NATHAN CHAN/THE VARSITY

The University of Toronto Students’ Union’s (UTSU) recent settlement with former Executive Director Sandra Hudson has sparked criticism among UTSU and former UTSU officials.

At an Emergency Board of Directors meeting on October 10, four people voted against the confidential recommendation affirming the settlement between the union and Hudson. Among them were Vice-President External Anne Boucher, University College Director Aidan Swirsky, and Engineering Directors Andrew Sweeny and Chris Dryden.

Sweeny resigned in the wake of a majority vote to approve the settlement, stating that the settlement was “so disappointing” that he could not continue to support the UTSU. “Quite frankly, it was a poor deal, I don’t think we pushed hard enough,” he said. “At worst, we still would have done better in court.”

The motion passed 17–4 with one abstention. Only 22 of the 51 members of the board were present to vote.

Following the motion’s approval, Sweeny immediately motioned for the board to accept his resignation when the confidential recommendation was accepted. He said that, given the debate about the lawsuit during the UTSU elections in March, he felt “this settlement failed those who supported Demand Better based on this issue.”

Boucher said, “I voted the way I did because I ultimately felt it was in the best interest of the UTSU and our members… I do want to say that I genuinely believe people in the room had those same intentions.” Boucher also argued that the union needs to demonstrate that abusing access to students’ money is unacceptable.

Dryden, who ran with the Demand Better slate, said he was “disappointed in the outcome and how little we can reveal to the general membership due to legal reasons.” Dryden also acknowledged that he “completely understand[s] why the others voted the way they did.”

Mathias Memmel, President of the UTSU and the leader of the Demand Better slate, said he “understands” why Boucher, Dryden, Swirsky, and Sweeny voted against the settlement, but disagrees with their choice.

With regard to transparency, Memmel noted that the lawsuit was between Hudson and the Board of Directors. “The fact that the UTSU has 50,000 members, and obligations to those members, is legally irrelevant,” he said, adding that the desire for transparency is political and not legal.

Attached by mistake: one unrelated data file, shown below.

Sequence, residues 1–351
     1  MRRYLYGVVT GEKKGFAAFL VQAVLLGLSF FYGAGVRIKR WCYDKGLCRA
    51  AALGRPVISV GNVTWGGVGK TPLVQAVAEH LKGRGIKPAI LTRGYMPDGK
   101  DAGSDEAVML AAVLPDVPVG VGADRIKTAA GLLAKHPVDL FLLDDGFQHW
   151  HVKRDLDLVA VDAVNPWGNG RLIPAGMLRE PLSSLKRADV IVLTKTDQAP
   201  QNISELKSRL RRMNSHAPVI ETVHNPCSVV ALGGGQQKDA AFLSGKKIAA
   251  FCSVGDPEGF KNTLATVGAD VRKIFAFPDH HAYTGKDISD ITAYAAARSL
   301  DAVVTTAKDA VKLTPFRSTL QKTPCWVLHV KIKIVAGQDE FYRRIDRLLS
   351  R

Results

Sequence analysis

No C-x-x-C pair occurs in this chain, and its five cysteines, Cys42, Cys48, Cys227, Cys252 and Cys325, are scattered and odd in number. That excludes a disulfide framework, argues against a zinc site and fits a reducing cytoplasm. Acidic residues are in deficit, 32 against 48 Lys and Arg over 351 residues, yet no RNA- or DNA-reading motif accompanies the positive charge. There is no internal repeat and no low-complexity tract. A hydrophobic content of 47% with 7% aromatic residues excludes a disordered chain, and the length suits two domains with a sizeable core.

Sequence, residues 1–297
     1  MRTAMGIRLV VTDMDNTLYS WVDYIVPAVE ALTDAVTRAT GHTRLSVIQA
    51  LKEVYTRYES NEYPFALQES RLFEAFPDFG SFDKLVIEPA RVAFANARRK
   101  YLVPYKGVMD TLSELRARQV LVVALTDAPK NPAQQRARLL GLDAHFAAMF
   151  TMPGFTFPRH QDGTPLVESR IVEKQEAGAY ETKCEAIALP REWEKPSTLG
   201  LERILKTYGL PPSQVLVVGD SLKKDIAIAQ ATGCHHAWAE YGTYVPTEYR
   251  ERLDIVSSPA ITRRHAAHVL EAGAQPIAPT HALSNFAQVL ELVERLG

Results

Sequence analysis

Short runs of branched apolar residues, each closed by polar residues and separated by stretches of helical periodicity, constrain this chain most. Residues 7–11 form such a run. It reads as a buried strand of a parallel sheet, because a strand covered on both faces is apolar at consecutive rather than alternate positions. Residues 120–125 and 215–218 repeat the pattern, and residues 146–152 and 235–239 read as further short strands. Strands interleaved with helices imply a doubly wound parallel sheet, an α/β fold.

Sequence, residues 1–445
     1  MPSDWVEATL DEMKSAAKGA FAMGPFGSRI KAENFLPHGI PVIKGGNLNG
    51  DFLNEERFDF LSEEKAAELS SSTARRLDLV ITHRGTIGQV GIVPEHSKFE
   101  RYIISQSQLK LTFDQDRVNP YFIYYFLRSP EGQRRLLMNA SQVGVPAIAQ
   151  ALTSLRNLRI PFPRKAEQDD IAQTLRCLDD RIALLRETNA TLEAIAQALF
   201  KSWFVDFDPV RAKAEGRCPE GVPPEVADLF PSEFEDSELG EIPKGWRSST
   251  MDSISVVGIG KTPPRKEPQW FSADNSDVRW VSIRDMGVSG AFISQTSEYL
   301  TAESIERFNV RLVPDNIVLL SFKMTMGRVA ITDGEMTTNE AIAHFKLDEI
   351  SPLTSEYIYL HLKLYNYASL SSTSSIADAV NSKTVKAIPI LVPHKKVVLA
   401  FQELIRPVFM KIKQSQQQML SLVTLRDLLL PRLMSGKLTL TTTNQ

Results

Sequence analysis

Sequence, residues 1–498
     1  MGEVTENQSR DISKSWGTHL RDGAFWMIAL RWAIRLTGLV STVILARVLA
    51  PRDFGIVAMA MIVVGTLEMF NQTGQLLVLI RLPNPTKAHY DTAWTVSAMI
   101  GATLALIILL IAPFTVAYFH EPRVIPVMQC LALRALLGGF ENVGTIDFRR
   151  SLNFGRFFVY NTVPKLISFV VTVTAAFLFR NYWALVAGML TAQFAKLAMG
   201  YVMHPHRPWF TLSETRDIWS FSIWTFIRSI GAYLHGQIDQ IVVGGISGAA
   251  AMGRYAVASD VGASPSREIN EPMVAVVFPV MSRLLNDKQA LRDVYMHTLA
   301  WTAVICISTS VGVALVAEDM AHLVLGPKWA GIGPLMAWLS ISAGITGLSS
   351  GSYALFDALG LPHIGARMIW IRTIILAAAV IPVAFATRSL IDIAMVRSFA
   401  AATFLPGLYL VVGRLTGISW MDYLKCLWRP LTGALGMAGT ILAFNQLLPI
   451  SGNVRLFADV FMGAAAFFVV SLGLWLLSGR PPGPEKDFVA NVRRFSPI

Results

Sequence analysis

“The settlement was the best of all possible options, including going to trial.” He said that the UTSU’s lawyer, who has worked on the case since the beginning, told them that “the settlement [would bring] more value to the UTSU than going to trial.”

“We’ve been guided throughout by a set of principles, one of which is doing what’s best for the organization, regardless of ideology and despite the political and personal cost,” Memmel said. “In that respect, we’ve kept our commitment to students.”

Memmel said that the terms of the settlement prevent the union from disclosing the amount returned, but that all funds received by the UTSU will be included in the 2017–2018 financial audit. The press release confirming the settlement noted that “Ms. Hudson has voluntarily agreed to repay a portion of the overtime payments,” but it made no reference to the $200,000 the union was seeking in punitive damages nor Hudson’s $300,000 counterclaim.

Hudson, according to the UTSU’s press release, acknowledges that the UTSU believes it had a reasonable basis to start a lawsuit. The statement says that “all parties believe that the lawsuit was not racially motivated” and “regret the acrimonious nature of these proceedings and inflammatory public comments made in and about them.”

The UTSU launched the lawsuit in September 2015.

Swirsky turned down The Varsity’s request for comment, citing the confidentiality of in camera discussions.




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